Maryland plans to appeal EPA denial of petition involving Indiana plants

Maryland will appeal the U.S. Environmental Protection Agency's decision to deny the state's efforts to reduce emissions from 36 power plants in Indiana and four other upwind states, Maryland's attorney general said Monday.

The EPA signed a final agency decision denying Maryland's petition for relief under the Clean Air Act late Friday.

"We intend to appeal EPA's decision to the U.S. Court of Appeals for the D.C. Circuit, so that Marylanders do not have to continue suffering the consequences of other states' pollution," Frosh said.

Maryland contends the power plants are violating the "good neighbor" provision of the Clean Air Act. The power plants are in Indiana, Kentucky, Ohio, Pennsylvania and West Virginia. The EPA also denied four petitions from Delaware relating to emissions from out-of-state plants.

The Maryland petition was filed in December 2016. It asked EPA to require the coal-fired facilities to run pollution-control equipment that is already installed to reduce emissions of ozone-forming nitrogen dioxide.

The EPA concluded neither state met the burden to demonstrate that the sources they named emit or would emit ozone forming pollutants at levels that violate the Clean Air Act's good neighbor provision for the 2008 and 2015 ozone standards. The agency proposed to deny the petitions in May, and has considered public comments on that proposal before issuing its final decision.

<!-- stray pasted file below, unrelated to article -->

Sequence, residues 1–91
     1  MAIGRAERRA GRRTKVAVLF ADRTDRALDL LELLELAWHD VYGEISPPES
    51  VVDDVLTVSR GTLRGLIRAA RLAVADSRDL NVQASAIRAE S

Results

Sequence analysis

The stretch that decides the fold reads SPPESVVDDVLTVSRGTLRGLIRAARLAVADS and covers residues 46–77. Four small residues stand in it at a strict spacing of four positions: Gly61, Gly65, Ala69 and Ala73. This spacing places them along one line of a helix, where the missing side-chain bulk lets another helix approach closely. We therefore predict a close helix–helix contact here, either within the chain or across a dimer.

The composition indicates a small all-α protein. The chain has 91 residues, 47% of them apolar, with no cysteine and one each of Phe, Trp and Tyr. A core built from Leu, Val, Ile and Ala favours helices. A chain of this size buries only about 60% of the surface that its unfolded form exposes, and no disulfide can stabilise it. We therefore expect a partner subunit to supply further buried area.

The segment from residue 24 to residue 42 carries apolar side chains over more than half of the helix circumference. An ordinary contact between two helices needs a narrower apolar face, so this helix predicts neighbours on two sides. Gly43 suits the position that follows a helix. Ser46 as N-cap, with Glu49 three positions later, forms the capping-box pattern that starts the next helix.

"Consistent with the EPA's proposal and based on the best data available to the agency at this time, the agency is finalizing its denial of these petitions," the EPA said in its decision.

The Chesapeake Bay Foundation criticized the EPA decision. CBF said the emissions contribute to nitrogen problems in the nation's largest estuary that fuel harmful algal blooms and create dead zones in the water.

"This is yet another example of EPA putting big business above human health and the environment," said Jon Mueller, vice president of litigation for CBF. "The agency is making it more difficult to achieve Bay clean-up goals by failing to limit interstate air pollution."

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